Strippers vs Werewolves (BLU-RAY)

Strippers vs. Werewolves

On Blu-Ray: 
Tuesday, September 25, 2012
Running Time: 
93 minutes
Blink and you could miss them

It seems that the more famous someone is, the less they are in this film. Robert Englund gets high billing and is only in two scenes.

Living up to its name, this movie has strippers and werewolves. Strippers vs Werewolves is one of those films that is a terrible and yet could easily be a guilty pleasure cult favorite. It really wants to be a Guy Ritchie film, but it isn't.

The movie begins with an outside shot of Silvadollaz in 1984. It looks like a club of some sort, but we don’t learn any more because it blows up. All the while, a fairly good cover version of Duran Duran’s “Hungry Like the Wolf” plays. This is the last of the good music you’ll hear for the next 93 minutes. We jump forward to 2011, where a man sits in a strip club enjoying the stripper who isn’t stripping. He enjoys it so much, he loses control and “wolfs out”. That’s right, he’s a werewolf! And the stripper stabs him in the eye with a pen, a silver pen - establishing that werewolves can be killed with silver to the brain, and to the heart, they deviate from the traditional lore but not far.

Anyway, the strippers who don’t strip keep dancing while the club owner schemes to hide the body of the werewolf before other werewolves find out. We get to meet the other werewolves, one of whom is dating the stripper who stabbed the werewolf at the club. The strippers continue not stripping and the wolves track the scent of their missing friend through the city.

Eventually, the wolves come to the club and we finally get our promised Strippers vs Werewolves, right at the end, and it’s a total let down.

The brightest point in this whole thing is Sinclair, played by producer Simon Phillips. The boyfriend of one of the strippers, Sinclair is an occultist, ghost chaser and vampire hunter, which as first just sounds silly, until the story proves out that he isn’t putting on airs and instead is being completely honest - also we see him fighting some vampires. He’s also extremely self-aware, and by that I mean aware that he’s in a movie. It makes for the best humor Strippers vs Werewolves has to offer.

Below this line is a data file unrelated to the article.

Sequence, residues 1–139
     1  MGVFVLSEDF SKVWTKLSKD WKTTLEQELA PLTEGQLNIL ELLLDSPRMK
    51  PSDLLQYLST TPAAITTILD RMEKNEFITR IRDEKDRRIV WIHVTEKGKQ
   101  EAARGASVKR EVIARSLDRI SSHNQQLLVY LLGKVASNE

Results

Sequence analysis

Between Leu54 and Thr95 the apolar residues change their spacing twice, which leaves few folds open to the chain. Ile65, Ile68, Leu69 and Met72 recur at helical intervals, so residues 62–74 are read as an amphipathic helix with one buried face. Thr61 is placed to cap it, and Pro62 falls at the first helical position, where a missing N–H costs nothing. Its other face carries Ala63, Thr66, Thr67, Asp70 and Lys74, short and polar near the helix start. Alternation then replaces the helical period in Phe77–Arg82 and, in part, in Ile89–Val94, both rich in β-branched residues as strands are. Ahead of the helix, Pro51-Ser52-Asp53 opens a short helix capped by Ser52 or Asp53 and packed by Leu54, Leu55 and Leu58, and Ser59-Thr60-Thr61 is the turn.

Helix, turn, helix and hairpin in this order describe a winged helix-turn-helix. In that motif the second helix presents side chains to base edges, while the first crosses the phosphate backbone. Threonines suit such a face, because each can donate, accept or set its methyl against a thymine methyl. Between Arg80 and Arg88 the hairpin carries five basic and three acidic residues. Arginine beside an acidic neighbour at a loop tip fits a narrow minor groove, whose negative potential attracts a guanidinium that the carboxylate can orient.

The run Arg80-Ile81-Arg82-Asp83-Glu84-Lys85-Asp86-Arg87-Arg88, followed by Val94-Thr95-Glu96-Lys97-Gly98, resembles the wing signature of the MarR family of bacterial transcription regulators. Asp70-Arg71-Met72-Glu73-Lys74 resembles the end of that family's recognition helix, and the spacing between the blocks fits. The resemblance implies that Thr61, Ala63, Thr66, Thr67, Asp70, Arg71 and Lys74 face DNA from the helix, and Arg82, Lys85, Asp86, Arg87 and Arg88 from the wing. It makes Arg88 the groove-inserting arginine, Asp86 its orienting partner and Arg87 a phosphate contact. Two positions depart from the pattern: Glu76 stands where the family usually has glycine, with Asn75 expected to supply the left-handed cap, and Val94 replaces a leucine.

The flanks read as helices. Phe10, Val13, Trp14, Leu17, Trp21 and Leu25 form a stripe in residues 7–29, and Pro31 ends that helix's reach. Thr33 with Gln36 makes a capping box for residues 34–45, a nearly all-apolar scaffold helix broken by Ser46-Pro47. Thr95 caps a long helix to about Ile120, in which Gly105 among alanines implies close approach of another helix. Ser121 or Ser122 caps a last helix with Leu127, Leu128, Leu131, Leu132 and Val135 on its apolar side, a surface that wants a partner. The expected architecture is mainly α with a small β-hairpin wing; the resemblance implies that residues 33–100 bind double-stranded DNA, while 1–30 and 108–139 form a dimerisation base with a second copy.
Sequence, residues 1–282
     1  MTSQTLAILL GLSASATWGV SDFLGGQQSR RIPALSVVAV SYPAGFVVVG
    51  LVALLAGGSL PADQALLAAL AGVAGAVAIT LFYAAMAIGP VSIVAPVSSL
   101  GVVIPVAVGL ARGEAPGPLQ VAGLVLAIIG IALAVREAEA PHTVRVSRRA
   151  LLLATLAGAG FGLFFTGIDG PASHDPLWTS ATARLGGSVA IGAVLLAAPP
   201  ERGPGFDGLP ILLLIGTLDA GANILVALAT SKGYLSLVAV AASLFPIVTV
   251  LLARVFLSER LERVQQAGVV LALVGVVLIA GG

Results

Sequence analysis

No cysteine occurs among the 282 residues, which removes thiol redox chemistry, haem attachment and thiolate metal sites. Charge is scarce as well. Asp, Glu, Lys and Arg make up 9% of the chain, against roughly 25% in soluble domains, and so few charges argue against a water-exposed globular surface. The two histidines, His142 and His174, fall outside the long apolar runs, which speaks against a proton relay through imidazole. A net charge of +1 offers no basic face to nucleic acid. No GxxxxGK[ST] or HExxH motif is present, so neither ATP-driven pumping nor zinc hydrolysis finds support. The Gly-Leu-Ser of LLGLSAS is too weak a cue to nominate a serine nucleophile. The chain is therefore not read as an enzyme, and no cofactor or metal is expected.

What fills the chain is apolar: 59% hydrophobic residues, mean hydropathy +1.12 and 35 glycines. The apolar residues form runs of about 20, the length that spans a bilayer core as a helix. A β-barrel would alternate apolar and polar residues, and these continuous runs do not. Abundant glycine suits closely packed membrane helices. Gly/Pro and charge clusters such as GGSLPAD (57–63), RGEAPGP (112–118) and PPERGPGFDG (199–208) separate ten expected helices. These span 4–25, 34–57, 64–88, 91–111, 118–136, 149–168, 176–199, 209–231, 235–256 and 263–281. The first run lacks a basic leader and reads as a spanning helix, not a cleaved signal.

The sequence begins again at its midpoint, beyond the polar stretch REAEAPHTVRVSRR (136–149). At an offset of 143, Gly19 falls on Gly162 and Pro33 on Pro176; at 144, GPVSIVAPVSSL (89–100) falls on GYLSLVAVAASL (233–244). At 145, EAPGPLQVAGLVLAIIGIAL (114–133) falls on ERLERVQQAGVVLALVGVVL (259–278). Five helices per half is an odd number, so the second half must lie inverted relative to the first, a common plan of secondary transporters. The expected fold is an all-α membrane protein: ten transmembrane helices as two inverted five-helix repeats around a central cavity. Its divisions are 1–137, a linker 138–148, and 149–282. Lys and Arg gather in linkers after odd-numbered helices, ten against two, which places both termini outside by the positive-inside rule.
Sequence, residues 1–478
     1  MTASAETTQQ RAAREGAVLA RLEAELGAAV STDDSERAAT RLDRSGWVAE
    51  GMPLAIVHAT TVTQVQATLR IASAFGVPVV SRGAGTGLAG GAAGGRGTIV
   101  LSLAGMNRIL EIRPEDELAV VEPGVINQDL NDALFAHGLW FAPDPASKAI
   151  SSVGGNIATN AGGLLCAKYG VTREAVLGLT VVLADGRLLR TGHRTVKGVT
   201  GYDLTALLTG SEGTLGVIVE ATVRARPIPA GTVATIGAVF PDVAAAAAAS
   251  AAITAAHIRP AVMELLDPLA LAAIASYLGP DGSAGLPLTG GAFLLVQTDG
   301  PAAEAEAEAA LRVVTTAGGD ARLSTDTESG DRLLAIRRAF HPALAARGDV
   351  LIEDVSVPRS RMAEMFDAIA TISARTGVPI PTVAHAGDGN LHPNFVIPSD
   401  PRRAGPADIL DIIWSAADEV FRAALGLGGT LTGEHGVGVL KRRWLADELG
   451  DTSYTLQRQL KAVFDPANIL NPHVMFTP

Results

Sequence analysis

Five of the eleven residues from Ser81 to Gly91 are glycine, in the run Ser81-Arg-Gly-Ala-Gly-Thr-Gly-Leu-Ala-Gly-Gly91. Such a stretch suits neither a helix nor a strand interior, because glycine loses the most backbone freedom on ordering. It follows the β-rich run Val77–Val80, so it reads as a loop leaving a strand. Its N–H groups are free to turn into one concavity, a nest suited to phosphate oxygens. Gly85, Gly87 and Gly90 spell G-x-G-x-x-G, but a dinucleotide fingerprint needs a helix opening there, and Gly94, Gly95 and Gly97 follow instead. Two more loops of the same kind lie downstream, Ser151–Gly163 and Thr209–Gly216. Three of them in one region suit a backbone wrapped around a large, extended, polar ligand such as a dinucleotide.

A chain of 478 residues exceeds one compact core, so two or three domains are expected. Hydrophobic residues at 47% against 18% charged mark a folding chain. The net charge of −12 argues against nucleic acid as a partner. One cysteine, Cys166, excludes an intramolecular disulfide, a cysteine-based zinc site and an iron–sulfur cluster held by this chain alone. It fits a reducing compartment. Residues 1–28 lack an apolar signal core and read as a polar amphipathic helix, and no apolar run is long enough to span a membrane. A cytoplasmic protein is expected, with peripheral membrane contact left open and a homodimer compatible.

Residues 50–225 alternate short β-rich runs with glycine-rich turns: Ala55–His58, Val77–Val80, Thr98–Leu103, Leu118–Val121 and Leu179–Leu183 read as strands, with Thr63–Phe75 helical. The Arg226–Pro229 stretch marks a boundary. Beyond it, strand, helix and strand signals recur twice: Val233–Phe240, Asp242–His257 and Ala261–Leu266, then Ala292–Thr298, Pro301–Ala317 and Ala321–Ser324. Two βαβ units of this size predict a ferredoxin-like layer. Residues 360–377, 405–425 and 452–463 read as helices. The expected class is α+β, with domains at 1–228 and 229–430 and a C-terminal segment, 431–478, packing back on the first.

For me though, the true gem here is the soundtrack. It’s truly uninspired. It sounds like something straight out the 80s, right from Wham!’s playbook, only with terrible lyrics. It’s all performed by Sodajerker. I want to own this, and then I want to have a party at my house and have it playing in the background while people mingle just so I can see the WTF looks on their faces as they try to figure out exactly what it is they are being subjected to. I think that would be amazing!

In any event, the Blu-ray has a behind the scenes feature that is boilerplate, and it includes a commentary track by producers Simon Phillips and Jonathan Sothcott which is fairly standard, but it did offer up one tidbit to explain one of the more annoying elements of the film. You see, this movie is full of strippers, and yet there is very little stripping, or even nudity of any kind. It turns out that one of the women on set convinced the strippers they had as extras that it was in their best interests NOT to be topless. So instead of women wandering around undressed, we got women wandering around fully clothed or at best with pasties on.

Strippers vs Werewolves could have been worse, but it also could have been a whole lot better.


Review by Jason Pace
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